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With a reach that covers the entire globe, the Bible is the best-selling, most earnestly studied book of all time. It has been translated into well over 1,000 languages, from those of global reach such as English, French, and Arabic, to a myriad of isolated tribal tongues. Yet while most readers of the English Bible have a favorite version, few understand how the different translations came about, or why there are so many, or what determines whether a particular translation is trustworthy.
Written in tribute to one of today's true translation luminaries, Dr. Ronald Youngblood, The Challenge of Bible Translation will open your eyes to the principles, the methods, the processes, and the intricacies of translating the Bible into language that communicates clearly, accurately, and powerfully to readers of many countries and cultures. This remarkable volume marshals the contributions of foremost translators and linguists. Never before has a single book shed so much light on Bible translation in so accessible a fashion.
In three parts, this compendium gives scholars, students, and interested Bible readers an unprecedented grasp of:
1. The Theory of Bible Translation
2. The History of Bible Translation
3. The Practice of Bible Translation
The Challenge of Bible Translation will give you a new respect for the diligence, knowledge, and care required to produce a good translation. It will awaken you to the enormous cost some have paid to bring the Bible to the world. And it will deepen your understanding of and appreciation for the priceless gift of God's written Word.
Number of Pages: 432
Publication Date: 2003
|Dimensions: 9 X 6 (inches)|
How to Choose a Translation for All Its Worth: A Guide to Understanding and Using Bible VersionsGordon D. Fee, Mark L. StraussZondervan / 2007 / Trade Paperback$10.99 Retail:5 Stars Out Of 5 6 Reviews Video
$14.99Save 27% ($4.00)
The Bible in Translation: Ancient and English VersionsBruce M. MetzgerBaker Books / 2001 / Trade Paperback$22.00
Mark Strauss (PhD, Aberdeen) is professor of New Testament at Bethel Seminary in San Diego. He has written The Davidic Messiah in Luke-Acts, Distorting Scripture?: The Challenge of Bible Translation and Gender Accuracy, Luke in the Zondervan Illustrated Bible Background Commentary series, and Mark in the Zondervan Exegetical Commentary on the New Testament.
Moisés Silva taught biblical studies at Westmont College, Westminster Theological Seminary, and Gordon-Conwell Seminary. He is the author or coauthor of eight books and the revising editor of the Zondervan Encyclopedia of the Bible. James D. Smith III (ThD, Harvard) is associate professor of Church History at Bethel Seminary – San Diego, as well an adjunct professor of religion at the University of San Diego. A member of the Baptist General Conference, he is a former teaching assistant to Henri Nouwen at Harvard, and lectures frequently on Nouwen’s spirituality and related topics. Professor John Stek is an associate editor of the TNIV Study Bible. He is professor emeritus of Calvin Theological Seminary, and past Chair of the Committee on Bible Translation, which he has served since 1965. He lives in Grand Rapids, Michigan. Bruce K. Waltke (PhD, Dallas Theological Seminary; PhD, Harvard Divinity School), acknowledged to be one of the outstanding contemporary Old Testament scholars, is professor of Old Testament at Reformed Theological Seminary in Orlando, Florida, and professor emeritus of biblical studies at Regent College in Vancouver. He has authored and coauthored numerous books, commentaries, and articles, and contributed to dictionaries and encyclopedias. Walter W. Wessel was professor of New Testament and Greek studies at Bethel Theological Seminary. He received his PhD from the Universtiy of Edinburgh, Scotland. Herbert Wolf was associate professor of theological studies at Wheaton College, Illinois. His area of expertise was Old Testament studies. Dr. Wolf held degrees from Wheaton College, Dallas Seminary, and Brandeis University. He was the author of Haggai and Malachi: Redemption and Renewal. Steven Voth (PhD, Hebrew Union College) is Translation Coordinator for the Americas, United Bible Societies. Kenneth L. Barker (PhD, Dropsie College for Hebrew and Cognate Learning) is an author, lecturer, biblical scholar, and the general editor of the NIV Study Bible.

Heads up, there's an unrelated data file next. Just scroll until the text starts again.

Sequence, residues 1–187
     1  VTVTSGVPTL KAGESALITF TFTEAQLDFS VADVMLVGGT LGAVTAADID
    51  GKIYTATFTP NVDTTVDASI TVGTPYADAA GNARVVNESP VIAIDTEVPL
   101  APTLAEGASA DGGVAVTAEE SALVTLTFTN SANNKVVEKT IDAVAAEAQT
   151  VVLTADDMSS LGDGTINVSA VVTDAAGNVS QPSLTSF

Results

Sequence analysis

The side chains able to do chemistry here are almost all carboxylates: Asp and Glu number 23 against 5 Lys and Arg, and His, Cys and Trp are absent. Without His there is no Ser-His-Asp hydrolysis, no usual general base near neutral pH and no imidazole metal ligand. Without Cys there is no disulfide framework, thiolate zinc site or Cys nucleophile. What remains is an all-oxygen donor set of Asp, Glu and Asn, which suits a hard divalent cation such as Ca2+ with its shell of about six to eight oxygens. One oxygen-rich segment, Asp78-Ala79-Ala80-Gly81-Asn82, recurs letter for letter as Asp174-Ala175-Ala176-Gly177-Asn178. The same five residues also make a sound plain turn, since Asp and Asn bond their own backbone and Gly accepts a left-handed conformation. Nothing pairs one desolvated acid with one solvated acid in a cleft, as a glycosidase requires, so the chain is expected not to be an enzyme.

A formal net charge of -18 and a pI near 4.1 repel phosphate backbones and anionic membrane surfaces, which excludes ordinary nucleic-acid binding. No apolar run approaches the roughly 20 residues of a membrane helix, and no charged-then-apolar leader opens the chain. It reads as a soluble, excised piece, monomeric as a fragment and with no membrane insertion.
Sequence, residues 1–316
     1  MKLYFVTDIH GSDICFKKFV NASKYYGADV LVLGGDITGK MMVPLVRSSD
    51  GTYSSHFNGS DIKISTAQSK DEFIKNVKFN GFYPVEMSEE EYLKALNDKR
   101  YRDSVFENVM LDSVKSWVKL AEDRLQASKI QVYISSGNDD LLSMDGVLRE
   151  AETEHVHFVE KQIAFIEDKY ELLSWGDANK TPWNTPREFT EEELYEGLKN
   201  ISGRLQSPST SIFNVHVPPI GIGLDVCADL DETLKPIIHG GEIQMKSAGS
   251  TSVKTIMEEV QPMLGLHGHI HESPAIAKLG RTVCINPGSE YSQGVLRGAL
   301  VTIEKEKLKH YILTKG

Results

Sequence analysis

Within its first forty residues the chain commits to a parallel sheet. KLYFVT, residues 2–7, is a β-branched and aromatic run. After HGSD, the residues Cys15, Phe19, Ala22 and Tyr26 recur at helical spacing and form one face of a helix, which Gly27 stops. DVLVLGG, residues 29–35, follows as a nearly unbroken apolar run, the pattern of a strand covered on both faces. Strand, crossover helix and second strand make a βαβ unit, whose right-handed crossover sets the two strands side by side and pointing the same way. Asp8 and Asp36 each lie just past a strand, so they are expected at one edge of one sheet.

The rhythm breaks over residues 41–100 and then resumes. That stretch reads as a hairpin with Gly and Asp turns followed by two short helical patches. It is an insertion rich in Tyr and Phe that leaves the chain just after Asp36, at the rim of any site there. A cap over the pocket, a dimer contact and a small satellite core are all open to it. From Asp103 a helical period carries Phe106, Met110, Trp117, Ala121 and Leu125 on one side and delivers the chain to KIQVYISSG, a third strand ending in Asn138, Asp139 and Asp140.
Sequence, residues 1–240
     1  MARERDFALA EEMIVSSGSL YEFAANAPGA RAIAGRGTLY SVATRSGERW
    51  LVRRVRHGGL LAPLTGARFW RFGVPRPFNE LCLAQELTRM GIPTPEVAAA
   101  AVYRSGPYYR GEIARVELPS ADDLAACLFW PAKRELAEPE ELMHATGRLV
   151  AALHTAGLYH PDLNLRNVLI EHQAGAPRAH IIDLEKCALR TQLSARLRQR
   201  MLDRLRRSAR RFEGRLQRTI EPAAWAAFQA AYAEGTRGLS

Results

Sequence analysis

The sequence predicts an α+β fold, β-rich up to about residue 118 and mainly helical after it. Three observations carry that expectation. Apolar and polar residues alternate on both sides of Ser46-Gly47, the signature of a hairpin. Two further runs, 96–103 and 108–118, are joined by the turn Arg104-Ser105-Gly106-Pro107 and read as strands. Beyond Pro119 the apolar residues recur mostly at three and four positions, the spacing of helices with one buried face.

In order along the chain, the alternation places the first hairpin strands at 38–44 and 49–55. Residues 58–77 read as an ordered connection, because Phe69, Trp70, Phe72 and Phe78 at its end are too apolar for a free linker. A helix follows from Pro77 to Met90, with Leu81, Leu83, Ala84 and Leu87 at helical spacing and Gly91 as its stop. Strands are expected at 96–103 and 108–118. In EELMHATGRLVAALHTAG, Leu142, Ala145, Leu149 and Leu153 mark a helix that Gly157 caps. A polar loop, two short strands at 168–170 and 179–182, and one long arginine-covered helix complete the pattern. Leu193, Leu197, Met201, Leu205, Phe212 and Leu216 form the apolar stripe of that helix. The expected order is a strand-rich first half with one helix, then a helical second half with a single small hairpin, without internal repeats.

D. A. Carson (PhD, Cambridge University) is research professor of New Testament at Trinity Evangelical Divinity School in Deerfield, Illinois, where he has taught since 1978. He is co-founder (with Tim Keller) of the Gospel Coalition, and has written or edited nearly 60 books. He has served as a pastor and is an active guest lecturer in church and academic settings around the world.
<P>The Reverend Dr. Dick France was a New Testament scholar and Aglican cleric. He was Principal of Wycliffe Hall Oxford from 1989 to 1995.  He also worked for the London School of Theology.</P> <P>Andreas Köstenberger is Senior Research Professor of New Testament and Biblical Theology at Southeastern Baptist Theological Seminary in Wake Forest, North Carolina. He is the author of numerous works on John, including his commentary in the Baker Exegetical Commentary on the New Testament series, "John" in Commentary on the New Testament Use of the Old Testament, and “John” in Zondervan Illustrated Bible Backgrounds Commentary.</P>
Douglas J. Moo (PhD, University of St. Andrews) is the Kenneth T. Wessner Professor of New Testament at Wheaton College. His work centers on understanding the text of the New Testament and its application today. He has written extensively in several commentary series, including the NIV Application Commentary, Pillar Commentary, Tyndale New Testament Commentary, and the New International Commentary on the New Testament.